RenCap: Nigerian naira and Kenyan shilling are 20 percent overvalued

13 Jul 2015
Financial Nigeria


Macro imbalances and dollar strength place overvalued SSA currencies at risk of sizeable depreciations.

Godwin Emefiele, Governor, Central Bank of Nigeria

Looking at the pressures facing Sub-Saharan African currencies, Renaissance Capital has found that of the eight SSA currencies it analysed, the Kenyan shilling particularly faces significant depreciation. It also found that the Nigerian naira should weaken more than the shilling.

In its research note, Sub-Saharan Africa’s currencies: Which are most vulnerable?, released today, RenCap said macro imbalances and dollar strength place overvalued SSA currencies at risk of sizeable depreciations. Both the naira and the Kenyan shilling are around 20 percent overvalued, according to RenCap’s evaluation of Kenya and Nigeria real effective exchange rate (REER). Meanwhile, the Ghanaian cedi and Tanzanian shilling, which are undervalued, may remain so.  

Monetary tightening by the Central Bank of Kenya, low exports, growing imports and a weak shilling recently led Renaissance Capital to lower its economic growth forecast for Kenya to 5.2%, from 6.0%. Rate hikes by the U.S. Federal Reserve are also expected to create further shocks in SSA monetary space.
Over the next six-to-twelve months, the U.S.-based IPO investment adviser expects the naira to depreciate by 18 percent to N235/$1; while it sees the Kenyan shilling depreciating by 7 percent. Thus, it has revised its YE15 shilling forecast to KES109/$1 as against the previous forecast of KES100.7/$1.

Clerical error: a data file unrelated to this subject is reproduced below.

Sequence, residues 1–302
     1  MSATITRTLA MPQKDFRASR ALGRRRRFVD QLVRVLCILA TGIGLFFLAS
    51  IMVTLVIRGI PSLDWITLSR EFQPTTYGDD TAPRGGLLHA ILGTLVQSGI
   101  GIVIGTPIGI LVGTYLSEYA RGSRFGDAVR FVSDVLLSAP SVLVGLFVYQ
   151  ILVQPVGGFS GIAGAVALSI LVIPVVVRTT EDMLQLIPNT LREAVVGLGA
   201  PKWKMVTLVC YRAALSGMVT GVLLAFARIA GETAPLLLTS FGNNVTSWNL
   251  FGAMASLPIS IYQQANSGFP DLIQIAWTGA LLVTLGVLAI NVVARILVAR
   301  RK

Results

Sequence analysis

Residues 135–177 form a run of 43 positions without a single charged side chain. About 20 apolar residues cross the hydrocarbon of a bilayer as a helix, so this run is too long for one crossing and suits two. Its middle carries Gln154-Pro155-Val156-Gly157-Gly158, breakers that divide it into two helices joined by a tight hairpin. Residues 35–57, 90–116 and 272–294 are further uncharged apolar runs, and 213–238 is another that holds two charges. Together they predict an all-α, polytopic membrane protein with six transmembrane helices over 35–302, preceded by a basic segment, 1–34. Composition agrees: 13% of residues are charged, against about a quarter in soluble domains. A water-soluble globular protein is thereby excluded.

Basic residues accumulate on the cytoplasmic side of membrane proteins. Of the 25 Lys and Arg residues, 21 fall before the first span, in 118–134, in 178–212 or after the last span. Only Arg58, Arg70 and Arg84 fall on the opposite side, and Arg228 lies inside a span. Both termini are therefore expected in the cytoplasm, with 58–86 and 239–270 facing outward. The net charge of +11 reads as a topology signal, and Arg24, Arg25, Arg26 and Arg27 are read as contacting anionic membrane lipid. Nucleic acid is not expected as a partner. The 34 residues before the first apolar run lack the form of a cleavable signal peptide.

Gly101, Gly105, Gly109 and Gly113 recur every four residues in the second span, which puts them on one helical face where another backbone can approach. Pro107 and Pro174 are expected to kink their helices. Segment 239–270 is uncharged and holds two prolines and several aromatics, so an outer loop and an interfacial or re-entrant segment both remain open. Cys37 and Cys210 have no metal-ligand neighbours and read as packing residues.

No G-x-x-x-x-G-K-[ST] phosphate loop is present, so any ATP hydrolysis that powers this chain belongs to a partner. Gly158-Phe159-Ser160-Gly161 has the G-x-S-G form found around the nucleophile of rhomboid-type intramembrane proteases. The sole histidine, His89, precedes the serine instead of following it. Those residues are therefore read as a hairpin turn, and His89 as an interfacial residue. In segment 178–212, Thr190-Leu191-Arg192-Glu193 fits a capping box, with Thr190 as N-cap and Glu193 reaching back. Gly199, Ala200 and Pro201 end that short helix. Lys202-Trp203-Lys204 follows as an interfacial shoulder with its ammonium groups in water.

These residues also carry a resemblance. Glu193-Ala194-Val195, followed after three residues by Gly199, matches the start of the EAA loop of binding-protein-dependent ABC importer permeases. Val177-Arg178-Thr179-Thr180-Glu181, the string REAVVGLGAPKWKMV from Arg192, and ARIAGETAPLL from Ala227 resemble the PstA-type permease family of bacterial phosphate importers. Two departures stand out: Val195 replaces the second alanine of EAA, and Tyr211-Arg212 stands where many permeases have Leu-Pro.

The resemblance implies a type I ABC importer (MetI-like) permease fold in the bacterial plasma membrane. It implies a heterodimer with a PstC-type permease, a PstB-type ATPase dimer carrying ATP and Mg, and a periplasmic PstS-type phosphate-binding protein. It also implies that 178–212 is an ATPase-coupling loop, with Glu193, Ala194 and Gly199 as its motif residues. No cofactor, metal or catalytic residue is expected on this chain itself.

During a briefing to the National Assembly last week on the state of the economy, the Governor of the Central Bank of Nigeria (CBN), Mr. Godwin Emefiele, stated that the country’s foreign reserves had increased from the $29.1 billion position at the end of June to $31.89 billion as at July 7th. This appeared to be some good news given the constricted outlook of the CBN’s tight monetary policy. Recently, it placed restrictions for the purchase of foreign exchange for the importation of some 41 consumer and intermediate products. Nevertheless, there are reports of pent-up forex demand of up to $4 billion amid the very limited scope for further policy tightening to defend the naira.

As long as the price of oil, the biggest source of Nigeria’s foreign reserves, in the international market remains low, RenCap says it expects the naira to depreciate further.  

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